A 2012 report on the latest available data from the Centers for Disease Control and Prevention shows that black men, particularly African-American and Caribbean men of African ancestry, had the highest rate of getting and dying from prostate cancer. According to Dr. Bjurlin, men from other ethnic groups also are at high risk, particularly if there is a family history of prostate cancer. Additionally, the risk of prostate cancer increases as men grow older.
A digital rectal exam, along with a PSA (prostate-specific antigen) test, are the first steps a physician can take to determine whether pain in the hip area or urinary changes are signs of disease that may require further tests.
To further evaluate for the presence and extent of a possible prostate tumor, urologists for years could only make an educated guess as to where in the prostate to place biopsy needles. Now, with the development of Artemis -- a multifunctional computerized ultrasound system that works in combination with diagnostic magnetic resonance images -- Dr. Bjurlin points out with confidence: "Many high-grade prostate cancers are no longer being missed. Artemis eliminates guesswork and allows precise targeting of suspicious areas of the prostate."
The state of the art diagnostic device has been in use at NYU Langone in Manhattan for several years. In conjunction with Dr. Bjurlin's move across the East River, it is now available only in Brooklyn at NYU Lutheran. "Most prostate cancers are slow-growing. Artemis has entirely changed the way we biopsy and actively monitor prostate cancer," added Dr. Bjurlin. "And Artermis's ability to record and store information from previous biopsies greatly aids in the detection of cancer activity."
Robot-Assisted Surgery Also Exclusive to NYU Lutheran
When prostate cancer is detected, doctors often look for a first option to prolong life without routinely removing a prostate that may never pose a significant problem. This is often referred to as "watchful waiting." However, if a patient is found to have an aggressive type of cancer, treatment could include radiation and/or surgery to remove the prostate and surrounding areas where the disease may have spread.
Among surgical options, the da Vinci Xi, also available in Brooklyn only at NYU Lutheran, is the most advanced technology available for robot-assisted surgery. With his extensive experience using the da Vinci robot at NYU Langone in Manhattan, Dr. Bjurlin is building a more comprehensive urologic cancer program at NYU Lutheran.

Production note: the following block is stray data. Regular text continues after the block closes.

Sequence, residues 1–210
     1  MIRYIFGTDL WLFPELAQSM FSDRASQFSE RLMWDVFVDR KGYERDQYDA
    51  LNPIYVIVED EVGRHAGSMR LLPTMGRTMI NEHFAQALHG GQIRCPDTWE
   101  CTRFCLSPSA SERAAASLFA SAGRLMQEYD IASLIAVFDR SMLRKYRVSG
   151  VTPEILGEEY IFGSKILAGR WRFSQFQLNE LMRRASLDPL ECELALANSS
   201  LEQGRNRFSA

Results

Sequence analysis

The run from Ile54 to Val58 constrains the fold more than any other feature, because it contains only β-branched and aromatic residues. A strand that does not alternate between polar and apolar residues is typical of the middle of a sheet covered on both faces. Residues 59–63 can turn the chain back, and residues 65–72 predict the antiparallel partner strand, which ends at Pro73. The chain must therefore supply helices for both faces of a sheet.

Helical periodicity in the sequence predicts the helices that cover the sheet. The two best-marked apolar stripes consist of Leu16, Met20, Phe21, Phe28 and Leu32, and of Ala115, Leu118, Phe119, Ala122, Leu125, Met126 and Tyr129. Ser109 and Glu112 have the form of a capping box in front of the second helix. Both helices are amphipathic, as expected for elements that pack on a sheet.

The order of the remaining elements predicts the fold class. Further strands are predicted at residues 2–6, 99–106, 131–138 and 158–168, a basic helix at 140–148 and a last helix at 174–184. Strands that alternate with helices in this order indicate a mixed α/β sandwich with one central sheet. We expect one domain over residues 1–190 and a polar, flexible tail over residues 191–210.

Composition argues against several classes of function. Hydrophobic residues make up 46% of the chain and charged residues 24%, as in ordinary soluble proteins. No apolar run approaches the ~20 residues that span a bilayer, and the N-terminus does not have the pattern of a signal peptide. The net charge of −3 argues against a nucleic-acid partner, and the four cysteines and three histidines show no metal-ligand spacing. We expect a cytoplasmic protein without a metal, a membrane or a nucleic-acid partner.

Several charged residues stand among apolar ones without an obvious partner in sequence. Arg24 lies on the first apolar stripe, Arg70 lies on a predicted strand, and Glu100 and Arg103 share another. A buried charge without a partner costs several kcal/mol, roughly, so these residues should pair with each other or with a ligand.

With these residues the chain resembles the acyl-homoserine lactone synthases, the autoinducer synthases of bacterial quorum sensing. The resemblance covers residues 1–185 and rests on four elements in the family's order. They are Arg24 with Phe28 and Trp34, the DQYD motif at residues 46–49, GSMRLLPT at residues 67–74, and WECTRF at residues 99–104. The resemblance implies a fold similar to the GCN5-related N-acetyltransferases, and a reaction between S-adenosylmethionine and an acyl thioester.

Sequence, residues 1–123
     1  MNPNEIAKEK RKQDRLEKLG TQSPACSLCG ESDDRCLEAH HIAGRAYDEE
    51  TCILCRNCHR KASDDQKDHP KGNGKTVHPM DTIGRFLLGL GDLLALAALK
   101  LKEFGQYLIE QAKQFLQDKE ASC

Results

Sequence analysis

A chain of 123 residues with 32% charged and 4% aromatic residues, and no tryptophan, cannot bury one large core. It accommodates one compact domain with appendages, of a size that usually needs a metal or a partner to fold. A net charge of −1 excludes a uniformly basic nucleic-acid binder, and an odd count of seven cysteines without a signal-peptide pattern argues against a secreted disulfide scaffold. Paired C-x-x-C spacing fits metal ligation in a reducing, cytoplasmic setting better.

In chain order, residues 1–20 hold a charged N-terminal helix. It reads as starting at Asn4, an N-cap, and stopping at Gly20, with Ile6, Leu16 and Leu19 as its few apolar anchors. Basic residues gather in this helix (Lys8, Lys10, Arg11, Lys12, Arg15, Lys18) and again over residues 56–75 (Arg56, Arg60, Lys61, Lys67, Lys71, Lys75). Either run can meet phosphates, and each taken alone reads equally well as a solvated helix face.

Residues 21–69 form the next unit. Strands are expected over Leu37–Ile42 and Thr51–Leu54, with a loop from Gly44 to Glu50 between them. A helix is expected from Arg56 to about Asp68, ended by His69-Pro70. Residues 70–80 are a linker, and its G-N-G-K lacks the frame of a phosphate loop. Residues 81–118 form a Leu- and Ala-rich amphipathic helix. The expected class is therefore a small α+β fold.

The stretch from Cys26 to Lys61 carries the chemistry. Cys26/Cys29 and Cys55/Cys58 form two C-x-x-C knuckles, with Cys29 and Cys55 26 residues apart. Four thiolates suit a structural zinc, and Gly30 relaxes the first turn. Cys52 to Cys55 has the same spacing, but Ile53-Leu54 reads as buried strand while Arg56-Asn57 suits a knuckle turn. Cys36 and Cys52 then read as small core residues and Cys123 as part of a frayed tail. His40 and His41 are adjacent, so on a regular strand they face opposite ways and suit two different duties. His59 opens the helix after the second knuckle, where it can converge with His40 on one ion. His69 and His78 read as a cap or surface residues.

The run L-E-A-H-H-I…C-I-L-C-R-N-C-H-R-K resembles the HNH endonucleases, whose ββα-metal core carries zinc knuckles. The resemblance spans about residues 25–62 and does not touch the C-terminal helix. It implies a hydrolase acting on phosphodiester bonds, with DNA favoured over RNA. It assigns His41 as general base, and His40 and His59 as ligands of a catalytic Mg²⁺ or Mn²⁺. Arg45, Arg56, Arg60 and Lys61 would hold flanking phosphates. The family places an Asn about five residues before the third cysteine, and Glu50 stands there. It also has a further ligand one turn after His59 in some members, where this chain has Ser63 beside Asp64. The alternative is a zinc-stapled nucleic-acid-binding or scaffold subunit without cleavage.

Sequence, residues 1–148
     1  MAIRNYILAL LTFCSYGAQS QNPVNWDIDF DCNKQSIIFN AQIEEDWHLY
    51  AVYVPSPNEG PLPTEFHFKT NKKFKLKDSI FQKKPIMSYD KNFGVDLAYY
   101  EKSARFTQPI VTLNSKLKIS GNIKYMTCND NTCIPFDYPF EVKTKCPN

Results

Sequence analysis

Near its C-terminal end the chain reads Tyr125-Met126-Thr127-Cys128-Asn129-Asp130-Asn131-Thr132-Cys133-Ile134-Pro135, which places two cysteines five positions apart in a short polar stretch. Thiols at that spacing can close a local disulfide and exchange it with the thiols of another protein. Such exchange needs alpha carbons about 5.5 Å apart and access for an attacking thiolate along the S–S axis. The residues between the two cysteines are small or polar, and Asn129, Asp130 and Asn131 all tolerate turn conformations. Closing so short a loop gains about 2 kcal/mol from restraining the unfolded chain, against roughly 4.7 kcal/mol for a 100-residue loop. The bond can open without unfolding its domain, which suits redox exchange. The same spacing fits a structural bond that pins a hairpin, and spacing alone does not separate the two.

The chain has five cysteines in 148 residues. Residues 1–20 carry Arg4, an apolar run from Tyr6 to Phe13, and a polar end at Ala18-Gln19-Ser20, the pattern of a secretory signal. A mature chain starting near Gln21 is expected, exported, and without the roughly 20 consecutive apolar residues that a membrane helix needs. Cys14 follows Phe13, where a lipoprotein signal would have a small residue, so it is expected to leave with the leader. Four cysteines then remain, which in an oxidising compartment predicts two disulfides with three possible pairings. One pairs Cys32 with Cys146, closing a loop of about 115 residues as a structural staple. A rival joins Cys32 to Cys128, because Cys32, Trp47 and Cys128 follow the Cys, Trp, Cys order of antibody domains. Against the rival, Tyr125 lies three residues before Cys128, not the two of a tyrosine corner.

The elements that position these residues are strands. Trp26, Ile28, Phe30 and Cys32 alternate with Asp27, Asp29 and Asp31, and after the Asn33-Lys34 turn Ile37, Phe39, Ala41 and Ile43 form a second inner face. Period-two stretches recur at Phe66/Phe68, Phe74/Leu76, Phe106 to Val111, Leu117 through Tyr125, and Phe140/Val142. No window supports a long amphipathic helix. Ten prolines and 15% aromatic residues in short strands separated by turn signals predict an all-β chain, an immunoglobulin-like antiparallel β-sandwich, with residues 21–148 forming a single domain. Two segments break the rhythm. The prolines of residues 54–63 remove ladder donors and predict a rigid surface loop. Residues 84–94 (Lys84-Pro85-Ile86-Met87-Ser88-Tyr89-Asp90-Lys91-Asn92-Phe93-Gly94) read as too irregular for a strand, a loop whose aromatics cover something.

Although traditional open or laparoscopic procedures are indicated for some prostate surgery, the da Vinci has become increasingly the preferred approach for removing prostate cancer because it is less invasive. In addition, the risk of complications, including urinary incontinence and sexual dysfunction, can be minimized by careful attention to saving the nerves as the cancer is being removed. The da Vinci system provides a 3D view, high magnification and precision in instrument movement and adjustment that give a surgeon greater control and ability to preserve tissues and prevent complications.
"The greatest advantage of robotic-assisted prostate surgery is more rapid convalescence. There is less blood loss, less pain, shorter hospital stay, little scarring and quicker to return to activities of daily living," remarked Dr. Bjurlin. "Patients often are up and about a few hours after surgery, stay in the hospital overnight, and go home the next day."
To patients and their families, Dr. Bjurlin offers this advice, garnered from years of experience treating hundreds of patients.
"The most important message is to help men get over the fear of the initial physical exam," he says. "In this respect, they can certainly benefit from the concern and needling of their loved ones!"